By Mike Lavine and Matt Johnson

Mylan Pharmaceuticals, Inc. petitioned for inter partes review (IPR) of U.S. Patent No. 6,858,650 (the “‘650 Patent”), which is owned by UCB Pharma GmbH (“UCB”) and is directed to chemical derivatives of a drug for treating urinary incontinence.  After institution of the IPR, Amerigen Pharmaceuticals Ltd. (“Amerigen”) was added as a party to the proceeding.  The Patent Trial and Appeal Board (the “Board”) found that the challenged claims of the ‘650 Patent were not unpatentable as obvious.  Mylan Pharm. Inc. v. UCB Pharma GmbH, No. 2016-00510 (P.T.A.B. July 19, 2017).  Amerigen appealed the Board’s decision.

On appeal, UCB argued that Amerigen lacked standing to appeal because the Food and Drug Administration (“FDA”) would not approve Amerigen’s abbreviated new drug application (“ANDA”) until after the ‘650 patent expires, and therefore Amerigen could not possibly infringe the patent.  According to UCB, without a possibility of infringement, there was no justiciable dispute.  Amerigen countered that it has standing because the FDA had tentatively approved its product, the ‘650 Patent delays the entry of its competing drug, and invalidating the claims of the ‘650 Patent would advance the launch of its product.

In a precedential decision, the Federal Circuit agreed with Amerigen, finding that because Amerigen had demonstrated a controversy traceable to UCB’s ’650 patent and redressable by the Federal Circuit, it has standing to appeal even though it may be incapable of maintaining a parallel Hatch-Waxman suit:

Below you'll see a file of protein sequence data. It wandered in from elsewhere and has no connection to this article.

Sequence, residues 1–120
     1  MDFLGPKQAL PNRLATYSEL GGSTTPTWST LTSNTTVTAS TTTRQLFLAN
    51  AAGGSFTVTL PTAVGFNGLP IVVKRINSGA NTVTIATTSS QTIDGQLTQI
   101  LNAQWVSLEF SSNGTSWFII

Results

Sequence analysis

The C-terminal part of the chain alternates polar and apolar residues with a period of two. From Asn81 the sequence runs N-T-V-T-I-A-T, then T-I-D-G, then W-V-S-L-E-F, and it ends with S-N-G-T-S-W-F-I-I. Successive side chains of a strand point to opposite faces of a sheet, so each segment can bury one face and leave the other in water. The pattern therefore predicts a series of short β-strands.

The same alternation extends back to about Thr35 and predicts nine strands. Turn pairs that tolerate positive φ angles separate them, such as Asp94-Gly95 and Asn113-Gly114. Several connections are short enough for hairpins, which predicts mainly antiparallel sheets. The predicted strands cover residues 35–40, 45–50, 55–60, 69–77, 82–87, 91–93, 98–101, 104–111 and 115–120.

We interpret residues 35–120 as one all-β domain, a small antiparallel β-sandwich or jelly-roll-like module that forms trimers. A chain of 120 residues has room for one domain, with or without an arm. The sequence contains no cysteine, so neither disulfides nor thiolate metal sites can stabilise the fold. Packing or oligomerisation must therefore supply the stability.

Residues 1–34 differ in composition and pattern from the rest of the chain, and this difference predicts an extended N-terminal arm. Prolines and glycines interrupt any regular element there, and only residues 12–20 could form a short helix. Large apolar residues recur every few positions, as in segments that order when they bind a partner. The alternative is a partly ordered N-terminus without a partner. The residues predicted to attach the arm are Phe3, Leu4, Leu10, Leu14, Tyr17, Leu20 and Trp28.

[A] conclusion from this court that the instituted claims of the ’650 patent are unpatentable and the FDA’s consequent delisting of the patent would enable Amerigen to launch its competing product substantially earlier than it otherwise could upon the patent’s expiration. We thus conclude that Amerigen has a concrete, economic interest in the sales of its tentatively approved drug obstructed by the listing of the ’650 patent, and has thereby demonstrated a controversy “of sufficient immediacy and reality” for Article III standing.

Op. at 13, 16.

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Matt Johnson is one of the Firm's primary contacts on practice before the PTAB. Currently co-chairing the Firm's PTAB subpractice and involved in proceedings at the Board since the first day of their availability in September 2012, Matt regularly represents clients as both petitioners and patent owners at the Board. He further works as an advocate for clients in appeals from Board proceedings at the Federal Circuit.